28 October 2021
In this summary we’ve explained the key developments and changes from the Chancellor’s announcement on 27 October 2021. To download a pdf version of our October 2021 Budget Summary click the green download pdf button on the right.
Without a change in government, it is very rare to have two Budgets in one year. However, 2021 is no ordinary year and now that many of the government’s support measures for businesses have ended, there was always going to be speculation this autumn about what happens next?
Since the summer there have been small signs that the UK’s fragile economy is taking initial steps towards recovery. There are many obstacles in the way, though, with stock and staff shortages, Brexit issues and, more recently, gas prices – to name but a few.
In the three months to August 2021, job vacancies rose above 1 million for the first time since records began. This is obviously putting pressure on salaries as employers compete to attract and retain staff. Higher salaries and other factors are also affecting inflation and there is a general consensus that prices will be forced to rise.
Over the past 18 months, the level of government financial support and the scale of the vaccine roll- out has been impressive, but it comes at an eye-watering cost to the Treasury. Already, a proposed increase to national insurance and the dividend tax have been announced to fund social care, while back in March it was announced Corporation Tax rates will rise from April 2023.
In the run-up to 27 October, we were told this would be the Build Back Better Budget and that the Chancellor’s ambition is to return public finances to a sustainable footing over the medium term. That certainly means cuts in government spending (departments have been told to identify 5% savings in their budgets at the very least).
It will also mean there will be tax changes along the way to replenish the Treasury coffers. In September, the Institute for Fiscal Studies director Paul Johnson called this “the biggest tax-rising year in many decades”.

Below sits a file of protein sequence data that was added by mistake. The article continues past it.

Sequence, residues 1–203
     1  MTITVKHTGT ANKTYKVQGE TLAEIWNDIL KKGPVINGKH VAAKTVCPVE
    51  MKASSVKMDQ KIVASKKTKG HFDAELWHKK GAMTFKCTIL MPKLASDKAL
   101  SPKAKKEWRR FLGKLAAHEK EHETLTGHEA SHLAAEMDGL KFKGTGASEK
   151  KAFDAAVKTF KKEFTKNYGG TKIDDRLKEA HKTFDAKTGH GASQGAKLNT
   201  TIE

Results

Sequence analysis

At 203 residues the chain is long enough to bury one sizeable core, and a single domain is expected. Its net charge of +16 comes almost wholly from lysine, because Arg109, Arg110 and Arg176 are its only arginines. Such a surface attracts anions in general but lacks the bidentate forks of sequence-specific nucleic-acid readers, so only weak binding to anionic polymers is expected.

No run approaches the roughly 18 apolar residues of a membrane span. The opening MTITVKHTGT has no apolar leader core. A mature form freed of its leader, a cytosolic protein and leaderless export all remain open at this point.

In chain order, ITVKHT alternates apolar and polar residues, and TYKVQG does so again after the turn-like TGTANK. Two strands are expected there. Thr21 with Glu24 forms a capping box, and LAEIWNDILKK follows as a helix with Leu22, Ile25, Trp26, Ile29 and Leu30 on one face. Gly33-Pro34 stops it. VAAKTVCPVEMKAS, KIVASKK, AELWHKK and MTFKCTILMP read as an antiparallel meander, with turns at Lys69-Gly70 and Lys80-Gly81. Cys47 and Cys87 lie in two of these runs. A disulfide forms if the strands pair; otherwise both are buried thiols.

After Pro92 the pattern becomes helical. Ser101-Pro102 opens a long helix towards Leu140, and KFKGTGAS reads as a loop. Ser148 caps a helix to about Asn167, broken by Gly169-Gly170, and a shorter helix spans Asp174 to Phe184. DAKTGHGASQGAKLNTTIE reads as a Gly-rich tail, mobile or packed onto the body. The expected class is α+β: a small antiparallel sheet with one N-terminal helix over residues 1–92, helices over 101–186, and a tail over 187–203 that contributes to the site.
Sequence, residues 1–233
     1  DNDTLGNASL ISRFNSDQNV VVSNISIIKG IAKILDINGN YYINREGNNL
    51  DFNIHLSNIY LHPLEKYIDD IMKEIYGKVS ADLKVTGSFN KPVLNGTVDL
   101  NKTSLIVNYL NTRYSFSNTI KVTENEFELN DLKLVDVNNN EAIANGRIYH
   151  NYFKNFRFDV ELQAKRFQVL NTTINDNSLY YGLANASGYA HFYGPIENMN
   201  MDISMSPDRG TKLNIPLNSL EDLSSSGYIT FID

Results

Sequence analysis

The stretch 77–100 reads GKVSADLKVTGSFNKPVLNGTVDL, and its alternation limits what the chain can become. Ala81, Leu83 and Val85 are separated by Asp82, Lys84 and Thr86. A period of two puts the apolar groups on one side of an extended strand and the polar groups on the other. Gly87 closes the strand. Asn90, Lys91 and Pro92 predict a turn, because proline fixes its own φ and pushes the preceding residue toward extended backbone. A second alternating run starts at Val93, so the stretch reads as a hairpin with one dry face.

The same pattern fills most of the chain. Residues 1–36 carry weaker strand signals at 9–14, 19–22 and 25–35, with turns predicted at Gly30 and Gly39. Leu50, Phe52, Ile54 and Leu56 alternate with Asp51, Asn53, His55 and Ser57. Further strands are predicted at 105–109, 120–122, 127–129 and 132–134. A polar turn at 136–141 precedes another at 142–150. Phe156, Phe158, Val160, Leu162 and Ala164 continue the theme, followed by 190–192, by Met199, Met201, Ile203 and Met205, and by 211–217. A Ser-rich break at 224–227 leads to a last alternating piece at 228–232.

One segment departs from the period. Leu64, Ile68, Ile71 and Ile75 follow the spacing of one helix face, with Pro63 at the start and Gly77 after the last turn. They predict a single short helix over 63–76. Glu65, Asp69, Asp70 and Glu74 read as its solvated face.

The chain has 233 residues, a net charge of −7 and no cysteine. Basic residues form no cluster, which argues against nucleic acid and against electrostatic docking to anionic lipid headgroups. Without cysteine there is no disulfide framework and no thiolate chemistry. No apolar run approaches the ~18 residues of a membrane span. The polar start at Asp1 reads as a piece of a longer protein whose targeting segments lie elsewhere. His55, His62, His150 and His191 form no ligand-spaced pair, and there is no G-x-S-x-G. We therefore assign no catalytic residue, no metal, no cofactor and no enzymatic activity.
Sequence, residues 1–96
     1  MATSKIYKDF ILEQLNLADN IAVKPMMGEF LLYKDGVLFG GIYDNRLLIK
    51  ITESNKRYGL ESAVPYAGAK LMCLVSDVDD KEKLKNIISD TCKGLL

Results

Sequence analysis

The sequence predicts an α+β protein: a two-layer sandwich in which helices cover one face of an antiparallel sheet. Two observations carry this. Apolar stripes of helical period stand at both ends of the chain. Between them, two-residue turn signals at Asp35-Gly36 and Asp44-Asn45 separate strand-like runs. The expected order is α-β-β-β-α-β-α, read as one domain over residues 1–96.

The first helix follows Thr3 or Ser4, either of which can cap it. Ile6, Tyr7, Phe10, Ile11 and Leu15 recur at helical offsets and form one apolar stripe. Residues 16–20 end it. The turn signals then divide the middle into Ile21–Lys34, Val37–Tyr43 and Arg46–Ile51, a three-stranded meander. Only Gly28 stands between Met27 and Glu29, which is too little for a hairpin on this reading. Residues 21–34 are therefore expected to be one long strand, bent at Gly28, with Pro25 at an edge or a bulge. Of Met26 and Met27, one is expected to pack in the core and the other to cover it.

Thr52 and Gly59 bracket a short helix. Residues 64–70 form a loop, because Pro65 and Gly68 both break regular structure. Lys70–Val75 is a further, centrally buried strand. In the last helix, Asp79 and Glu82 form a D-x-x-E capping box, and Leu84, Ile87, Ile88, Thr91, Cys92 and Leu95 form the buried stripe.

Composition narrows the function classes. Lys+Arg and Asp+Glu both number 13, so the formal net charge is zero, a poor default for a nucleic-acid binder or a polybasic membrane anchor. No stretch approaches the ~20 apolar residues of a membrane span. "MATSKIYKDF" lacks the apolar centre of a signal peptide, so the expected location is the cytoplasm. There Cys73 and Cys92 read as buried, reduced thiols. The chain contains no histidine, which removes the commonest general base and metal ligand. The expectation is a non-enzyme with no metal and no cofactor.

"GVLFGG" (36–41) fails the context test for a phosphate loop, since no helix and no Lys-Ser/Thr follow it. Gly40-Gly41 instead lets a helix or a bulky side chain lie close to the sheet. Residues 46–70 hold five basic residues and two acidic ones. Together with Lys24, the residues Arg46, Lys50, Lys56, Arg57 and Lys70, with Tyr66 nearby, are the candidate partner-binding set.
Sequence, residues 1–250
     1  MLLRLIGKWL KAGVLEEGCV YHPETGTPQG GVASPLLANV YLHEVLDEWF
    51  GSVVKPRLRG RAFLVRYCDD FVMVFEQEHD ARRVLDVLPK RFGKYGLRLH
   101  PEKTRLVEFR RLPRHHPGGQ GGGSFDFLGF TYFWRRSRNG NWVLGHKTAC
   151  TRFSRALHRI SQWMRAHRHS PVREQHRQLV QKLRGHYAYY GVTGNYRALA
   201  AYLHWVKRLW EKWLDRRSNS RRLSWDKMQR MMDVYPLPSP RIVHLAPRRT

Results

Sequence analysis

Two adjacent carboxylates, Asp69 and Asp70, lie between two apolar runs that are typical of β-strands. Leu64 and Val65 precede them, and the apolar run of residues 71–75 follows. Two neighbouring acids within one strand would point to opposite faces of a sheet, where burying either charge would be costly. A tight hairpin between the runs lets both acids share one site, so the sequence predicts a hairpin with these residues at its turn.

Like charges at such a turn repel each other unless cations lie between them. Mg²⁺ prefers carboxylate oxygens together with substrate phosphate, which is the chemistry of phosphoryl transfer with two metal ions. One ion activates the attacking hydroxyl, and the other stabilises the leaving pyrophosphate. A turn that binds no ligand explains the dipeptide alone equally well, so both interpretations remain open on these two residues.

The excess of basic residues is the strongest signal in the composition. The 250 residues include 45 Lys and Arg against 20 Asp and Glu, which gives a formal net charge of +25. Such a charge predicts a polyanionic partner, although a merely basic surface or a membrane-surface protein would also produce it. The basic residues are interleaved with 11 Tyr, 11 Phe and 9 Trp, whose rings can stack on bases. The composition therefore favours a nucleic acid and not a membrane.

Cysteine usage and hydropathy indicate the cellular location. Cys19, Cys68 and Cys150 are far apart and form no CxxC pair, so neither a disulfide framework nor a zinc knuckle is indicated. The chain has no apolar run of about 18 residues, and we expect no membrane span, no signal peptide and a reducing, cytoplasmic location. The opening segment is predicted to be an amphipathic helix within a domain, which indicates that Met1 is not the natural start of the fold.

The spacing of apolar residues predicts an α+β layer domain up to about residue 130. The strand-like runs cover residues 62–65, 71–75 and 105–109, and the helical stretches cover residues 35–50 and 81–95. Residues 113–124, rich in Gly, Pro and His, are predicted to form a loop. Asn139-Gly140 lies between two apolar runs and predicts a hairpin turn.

In our Budget Summary, we have given both overviews and detailed information for personal, business and property-related taxes.
Key highlights from the October 2021 Budget
- Substantial amounts of revenue over the next five years will be raised from previously announced measures, such as the freezing of tax allowances and the introduction of the Health and Social Care Levy.
- HMRC will be able to make 20% top-up payments for 2024/25 onwards in respect of contributions made by low-earning individuals saving in a pension scheme under a Net Pay Arrangement.
- From 27 October 2021, the deadline for reporting and paying CGT after selling UK residential property will increase from 30 days to 60 days after completion.
- Businesses will benefit from several changes to the business rates regime, including the freezing of business rates multipliers for a second year, from 1 April 2022 until 31 March 2023.
- Income tax basis periods will be reformed so that a business’s profit or loss for a tax year will be the profit or loss arising in the tax year itself, regardless of its accounting date.
- Qualifying expenditure for tax relief on research and development will be extended to include data and cloud costs.
- Alcohol duty will be restructured so that all beverages will be taxed in direct proportion to their alcohol content.
- A new domestic air passenger duty band will cover flights within the UK at a rate of £6.50 for 2023/24. A new ultra-long-haul band will apply to flights to destinations with capitals located more than 5,500 miles from London, with an economy rate of £91.
As the Treasury begins to release the papers behind the headlines, the Shipleys team will continue to closely monitor what these mean for our clients. We’ll be sharing our conclusions and advice on our website, in our Shipshape magazines, in our Tax Facts card (which will be out later this year) and in our conversations with clients.
In the meantime, if you wish to discuss how this Budget will impact on you, please do talk with your usual Shipleys’ contact. Our key focus remains to help our clients navigate the changes smoothly and thrive.
This Budget Summary is based on the Chancellor’s Budget Statement on 27 October 2021, supplemented by information from official publications.
It reflects our understanding of proposed changes to tax law and practice at the date of publication, but is not a complete and definitive guide. The Budget proposals may be amended before the Finance Bill becomes law.
Specific advice should therefore be obtained before taking action, or refraining from taking action, on the basis of this information.
© 2021 Shipleys LLP